The Oak Park Elementary School District 97 will likely pick up the tab for crossing guards for another school year, but not for a school resource officer (SRO) who had been splitting time at the two middle schools.

The D97 school board discussed, but did not take action June 14, on funding crossing guards. A vote will take place at an upcoming meeting. The district and the Village of Oak Park agreed last year that D97 would pay for the guards but not the SRO. Under that agreement, the village would oversee crossing guards and provide a resource officer for Brooks and Julian middle schools. But the two sides spent much time going back and forth on who should pay for what.

The village historically funded guards and SROs, but sought to shift that responsibility to both the public and private school districts, citing its own budget issues. D97, though, balked at the idea, insisting that patrolling streets, including around the schools, is the village’s responsibility.

At last week’s school board meeting, D97 Supt. Albert Roberts recommended continuing to pay for crossing guards for one school year, but not the SRO.

Last year’s cost for D97 was about $168,000, covering salary and benefits for 34 crossing guards. The village has asked for a 1-percent salary increase this year, bringing the total to just under $170,000. Aurora-based Andy Frain Services was hired last year to provide guards and one supervisor at intersections near all 10 school buildings.

The village has also asked for an additional supervisor for the upcoming school year that D97 would also cover. The current agreement was for one year and is set to expire.

Roberts said he informed Village Manager Tom Barwin that the two sides had no agreement concerning D97 funding an SRO, and therefore they shouldn’t expect payment.

“This service is, in my way of thinking, a public-safety issue and puts it more of a village responsibility than a school responsibility, as does the SRO,” Roberts said, “but the village and schools have cooperated well in terms of working together to save each other some dollars.”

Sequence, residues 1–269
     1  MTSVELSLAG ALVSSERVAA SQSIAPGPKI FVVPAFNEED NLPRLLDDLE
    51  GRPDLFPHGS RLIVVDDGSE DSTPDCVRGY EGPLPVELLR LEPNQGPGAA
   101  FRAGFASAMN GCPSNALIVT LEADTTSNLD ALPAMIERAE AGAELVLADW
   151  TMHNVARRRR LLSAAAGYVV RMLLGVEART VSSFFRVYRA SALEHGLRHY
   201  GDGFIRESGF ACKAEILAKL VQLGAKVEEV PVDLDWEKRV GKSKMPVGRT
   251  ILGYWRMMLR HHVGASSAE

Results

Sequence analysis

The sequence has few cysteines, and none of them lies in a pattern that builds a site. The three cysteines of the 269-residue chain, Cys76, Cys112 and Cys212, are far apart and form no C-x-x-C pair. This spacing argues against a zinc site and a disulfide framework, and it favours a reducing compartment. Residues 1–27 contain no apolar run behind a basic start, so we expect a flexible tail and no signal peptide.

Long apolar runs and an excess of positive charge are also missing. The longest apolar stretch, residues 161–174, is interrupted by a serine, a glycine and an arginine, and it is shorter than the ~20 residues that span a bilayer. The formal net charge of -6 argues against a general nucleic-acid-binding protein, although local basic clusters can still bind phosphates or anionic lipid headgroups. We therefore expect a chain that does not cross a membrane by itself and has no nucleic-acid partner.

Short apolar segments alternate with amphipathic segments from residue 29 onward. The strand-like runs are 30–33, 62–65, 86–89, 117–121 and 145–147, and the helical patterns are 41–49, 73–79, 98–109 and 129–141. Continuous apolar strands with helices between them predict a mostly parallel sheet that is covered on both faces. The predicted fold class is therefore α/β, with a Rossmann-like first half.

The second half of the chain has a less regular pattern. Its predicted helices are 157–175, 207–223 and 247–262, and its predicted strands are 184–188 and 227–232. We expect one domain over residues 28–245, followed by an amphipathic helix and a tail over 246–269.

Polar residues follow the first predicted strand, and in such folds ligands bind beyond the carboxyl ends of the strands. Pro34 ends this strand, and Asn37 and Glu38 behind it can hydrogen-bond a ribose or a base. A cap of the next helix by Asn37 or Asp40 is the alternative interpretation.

“One needs to balance how much support we can provide in tough economic times, just as they have to look at what they can afford to share with us,” Roberts added. “But I’ve already indicated that in absence of an intergovernmental agreement for SROs, they could expect no remuneration from us, respectfully. Again, we have worked well together but business is business sometimes.”

In terms of training and providing a replacement guard when needed, Roberts said he also expected the village to oversee that.

School board members expressed support for his recommendation. As standard practice, the board does not take action at the same meeting where a proposal or recommendation is initially made.

Board member Robert Spatz agreed with the recommendation but added that this particular issue warrants some kind of shared-services committee among all of the taxing bodies.

“For both last year and this year, it’s taken far too much time to get the right people in the room to resolve what is relatively minor,” Spatz said. “We share too many things with the park district, the village and the high school, and we need to have a more standardized procedure for dealing with some of these things.”

Denise Sacks, a newly-elected board member, said she was open to the district paying for crossing guards, and suggested that there be a governing philosophy around a shared-service committee that funds what and why. But veteran school board member Peter Traczyk recalled that the administration looked last year at other school districts in the state and found that many did not pay for guards.

Oak Park still wants Catholic schools to cover crossing guards

The Village of Oak Park is set to approve a new contract with crossing guards, which would be funded by elementary school District 97. Village hall still wants three local Catholic schools to pay for the service, too, but some aren’t quite on board.

Oak Park first made the suggestion last fall, asking Ascension, St. Edmund and St. Giles to pay for guards at intersections near their schools. But the request was tabled, as their three principals said their budgets were already set, with the school year underway.

Village Manager Tom Barwin said he recently informed the three parochial schools that they need to pony up if they want the third-party vendor, Andy Frain Services, to patrol those corners. If not, the village is offering alternatives, such as having police train volunteer guards from the schools.

“The village isn’t out of the woods yet on this recession, and we’re continuing to trim our sails back as we navigate through this economic storm.”

Barwin said that St. Edmund and St. Giles have agreed to cover the cost of guards. Each school has one intersection nearby that needs a guard, and last year village hall estimated the cost at $6,500 per corner.

Ascension, though, has refused to pay for its intersections, which could be as few as three and as many as seven, depending on who you’re talking to. The school maintains that crossing guards are a public-safety matter that should be funded by the village.

“It’s not our job. Our job is provide an excellent Catholic education for families that choose to come to our school,” said Principal Mary Jo Burns.

Barwin couldn’t say for certain how the village would respond if Ascension continues refusing to pay, but he said trustees have set the direction that village hall should no longer pay for crossing guards.

—Marty Stempniak

Join the discussion on social media!

7 replies on “District 97 backs funding for Oak Park crossing guards”